USA v. Jackson
NOT RECOMMENDED FOR FULL-TEXT PUBLICATION File Name: 08a0782n.06 Filed: December 23, 2008 05-4170 UNITED STATES COURT OF APPEALS FOR THE SIXTH CIRCUIT
UNITED STATES OF AMERICA, Plaintiff-Appellee, v. DEWAYNE ANTHONY JACKSON, Defendant-Appellant.
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ON APPEAL FROM THE UNITED STATES DISTRICT COURT FOR THE SOUTHERN DISTRICT OF OHIO
Before: DAUGHTREY, GILMAN, and ALARCÓN,* Circuit Judges.
PER CURIAM. The defendant, Dewayne Jackson, appeals his convictions that resulted from a 22-count indictment charging him under the Hobbs Act, 18 U.S.C. § 1951, with committing a series of five armed robberies, conspiracy to violate the Hobbs Act, and illegal possession of a firearm. He claims that the district court committed error under Faretta v. California, 422 U.S. 806 (1975), by "ignoring [Jackson's] unequivocal demand to represent himself," that the court permitted the prosecution to introduce evidence and expert testimony in violation of Federal Rule of Criminal Procedure 16, and that the government failed to prove that the firearm attributed to Jackson had been shipped in interstate commerce. Because we find that Jackson's comment concerning pro se
The Hon. Arthur L. Alarcón, Judge of the United States Court of Appeals for the Ninth Circuit, sitting by designation.
05-4170 United States v. Jackson representation was essentially an expression of dissatisfaction with his then attorney and not an "unequivocal demand" sufficient to require a Faretta hearing or to establish the right of self-representation, we find no merit to this claim. Moreover, we conclude that the district court did not abuse its discretion in the admission of the evidence at issue on appeal and that there was sufficient proof that the firearm in question had moved in interstate commerce. We therefore affirm the district court's judgment in all respects.
FACTUAL AND PROCEDURAL BACKGROUND
Dewayne Jackson was one of five co-defendants originally charged in a 22-count indictment with conspiracy to violate the Hobbs Act, ten counts of armed robbery, and multiple firearms violations. Jackson went to trial on a second superceding indictment and was convicted of participating in the conspiracy and committing five armed robberies. He was also found guilty on five counts of use of a firearm in the commission of an offense and one count of being a felon in possession of a firearm. The specific details of the offenses are not relevant to this appeal. What is relevant concerns the district court's effort to supply Jackson with representation and the court's ruling on two defense objections to evidence introduced at trial.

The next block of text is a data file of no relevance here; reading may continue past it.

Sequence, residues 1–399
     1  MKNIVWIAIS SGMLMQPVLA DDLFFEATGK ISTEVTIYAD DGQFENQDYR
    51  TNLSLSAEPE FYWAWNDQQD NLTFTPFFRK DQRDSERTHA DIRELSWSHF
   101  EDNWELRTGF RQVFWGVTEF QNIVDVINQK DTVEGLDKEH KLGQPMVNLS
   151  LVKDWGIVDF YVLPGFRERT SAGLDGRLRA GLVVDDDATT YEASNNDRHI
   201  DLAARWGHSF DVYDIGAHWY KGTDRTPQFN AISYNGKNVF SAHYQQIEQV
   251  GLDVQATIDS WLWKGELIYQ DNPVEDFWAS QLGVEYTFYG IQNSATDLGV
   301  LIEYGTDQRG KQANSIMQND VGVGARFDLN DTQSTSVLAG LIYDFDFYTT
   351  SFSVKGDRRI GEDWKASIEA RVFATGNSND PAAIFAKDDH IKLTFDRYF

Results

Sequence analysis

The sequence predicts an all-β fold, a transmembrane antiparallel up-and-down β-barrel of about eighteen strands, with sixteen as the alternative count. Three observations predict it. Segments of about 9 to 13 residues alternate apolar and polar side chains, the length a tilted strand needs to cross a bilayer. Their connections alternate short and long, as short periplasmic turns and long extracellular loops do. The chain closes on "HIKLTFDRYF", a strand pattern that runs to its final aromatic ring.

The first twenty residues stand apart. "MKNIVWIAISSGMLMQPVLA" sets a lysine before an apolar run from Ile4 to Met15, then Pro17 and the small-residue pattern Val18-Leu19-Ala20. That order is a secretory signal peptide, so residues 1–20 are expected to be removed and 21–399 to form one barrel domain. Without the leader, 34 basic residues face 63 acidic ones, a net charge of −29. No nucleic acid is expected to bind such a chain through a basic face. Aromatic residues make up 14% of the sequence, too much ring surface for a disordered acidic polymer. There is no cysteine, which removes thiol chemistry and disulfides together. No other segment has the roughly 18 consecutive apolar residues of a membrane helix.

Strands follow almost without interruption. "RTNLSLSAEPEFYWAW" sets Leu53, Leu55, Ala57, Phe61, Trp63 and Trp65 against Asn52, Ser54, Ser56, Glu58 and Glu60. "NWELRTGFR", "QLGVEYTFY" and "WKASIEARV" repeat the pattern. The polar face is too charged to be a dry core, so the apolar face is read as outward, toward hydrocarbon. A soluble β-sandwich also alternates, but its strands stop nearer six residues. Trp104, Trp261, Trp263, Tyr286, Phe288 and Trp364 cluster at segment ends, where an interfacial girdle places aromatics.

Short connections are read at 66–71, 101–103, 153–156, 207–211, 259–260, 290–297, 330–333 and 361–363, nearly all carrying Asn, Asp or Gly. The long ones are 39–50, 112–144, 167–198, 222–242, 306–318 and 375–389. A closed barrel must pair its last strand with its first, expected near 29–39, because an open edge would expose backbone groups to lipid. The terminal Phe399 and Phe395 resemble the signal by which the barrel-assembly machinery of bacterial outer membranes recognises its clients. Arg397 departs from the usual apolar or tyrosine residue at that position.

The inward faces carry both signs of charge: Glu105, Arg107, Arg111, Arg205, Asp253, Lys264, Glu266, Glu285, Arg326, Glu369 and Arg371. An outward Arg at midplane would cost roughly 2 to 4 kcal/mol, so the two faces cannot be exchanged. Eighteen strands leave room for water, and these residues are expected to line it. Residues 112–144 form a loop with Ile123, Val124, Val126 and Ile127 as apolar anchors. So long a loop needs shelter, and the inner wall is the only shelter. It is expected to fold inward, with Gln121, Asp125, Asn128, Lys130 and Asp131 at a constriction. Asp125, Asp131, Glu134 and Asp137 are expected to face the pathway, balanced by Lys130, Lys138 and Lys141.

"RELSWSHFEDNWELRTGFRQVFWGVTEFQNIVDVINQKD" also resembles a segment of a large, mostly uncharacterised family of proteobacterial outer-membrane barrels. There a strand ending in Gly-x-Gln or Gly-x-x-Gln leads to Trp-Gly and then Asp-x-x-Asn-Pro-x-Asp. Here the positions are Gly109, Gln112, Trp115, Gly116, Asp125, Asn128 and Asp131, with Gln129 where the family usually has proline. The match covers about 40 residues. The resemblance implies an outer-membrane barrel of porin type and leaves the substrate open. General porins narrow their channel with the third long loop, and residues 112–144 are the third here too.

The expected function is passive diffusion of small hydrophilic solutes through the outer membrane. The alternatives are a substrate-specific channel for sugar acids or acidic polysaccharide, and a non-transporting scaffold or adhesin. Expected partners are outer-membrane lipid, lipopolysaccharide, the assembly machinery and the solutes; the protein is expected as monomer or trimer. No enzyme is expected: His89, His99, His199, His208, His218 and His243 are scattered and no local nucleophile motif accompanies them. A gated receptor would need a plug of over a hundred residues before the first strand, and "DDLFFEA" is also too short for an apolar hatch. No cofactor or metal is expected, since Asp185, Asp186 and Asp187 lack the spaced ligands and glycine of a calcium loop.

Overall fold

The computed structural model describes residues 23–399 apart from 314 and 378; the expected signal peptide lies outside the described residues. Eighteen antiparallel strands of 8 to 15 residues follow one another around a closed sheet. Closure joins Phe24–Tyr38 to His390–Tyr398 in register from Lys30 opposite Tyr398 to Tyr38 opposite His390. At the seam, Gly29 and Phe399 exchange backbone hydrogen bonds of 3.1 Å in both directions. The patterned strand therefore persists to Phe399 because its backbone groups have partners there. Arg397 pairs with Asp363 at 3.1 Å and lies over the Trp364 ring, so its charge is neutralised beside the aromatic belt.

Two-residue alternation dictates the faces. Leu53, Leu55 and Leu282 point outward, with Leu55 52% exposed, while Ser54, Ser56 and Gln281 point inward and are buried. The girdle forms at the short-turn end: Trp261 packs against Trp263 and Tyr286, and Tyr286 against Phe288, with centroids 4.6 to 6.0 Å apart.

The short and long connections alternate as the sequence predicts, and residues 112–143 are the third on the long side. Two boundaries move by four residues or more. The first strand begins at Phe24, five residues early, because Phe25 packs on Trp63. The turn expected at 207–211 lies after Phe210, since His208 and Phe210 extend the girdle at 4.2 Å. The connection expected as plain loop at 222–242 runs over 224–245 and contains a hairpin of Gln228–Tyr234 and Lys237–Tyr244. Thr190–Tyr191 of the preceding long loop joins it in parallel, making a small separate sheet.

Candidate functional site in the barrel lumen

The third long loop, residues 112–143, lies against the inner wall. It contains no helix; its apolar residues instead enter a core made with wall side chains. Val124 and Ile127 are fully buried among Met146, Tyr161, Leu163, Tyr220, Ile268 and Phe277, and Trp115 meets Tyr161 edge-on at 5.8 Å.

Jackson's retained attorney, Gary Tyack, appeared on his behalf at a detention hearing and filed pretrial motions to suppress items seized from a vehicle and during the search of a residence, as well as pretrial identifications of Jackson made from a photo array shown to some of the robbery victims. At arraignment on the first superceding -2-
05-4170 United States v. Jackson indictment, Tyack asked to withdraw from the case and was replaced by Kerry Donahue, who was appointed by the district court to represent the defendant. However, at the
subsequent arraignment on the second superceding indictment, Jackson indicated that he was dissatisfied with his new counsel, claiming "a trust issue, a communication issue, and . . . a lack of interest on [Donahue's] part" in Jackson's case. The transcript of the proceeding indicates a high level of frustration on the defendant's part, apparently stemming from Donahue's failure to visit him in the lock-up facility where he was detained, give him the latest version of the indictment, supply copies of the police report in addition to the "13 pages of discovery" that Jackson already had in his possession, and conduct an investigation to determine "[w]ho is writing these charges? . . . Is there any witnesses to it? Can I question somebody?" Responding to the district judge's attempt to put his questions in context, Jackson said, "I don't want [Donahue] to represent me. I want to represent myself."
At this point, the district judge informed Jackson that he would address that issue after holding a hearing, presumably a Faretta hearing to determine whether the defendant was capable of defending himself and willing to waive his right to representation. That hearing was never held, however, undoubtedly because following the arraignment, the district court entered an order permitting Donahue to withdraw from the case and further providing:
At the arraignment, defendant made a request for the appointment of new counsel. When that request was not immediately granted, the defendant -3-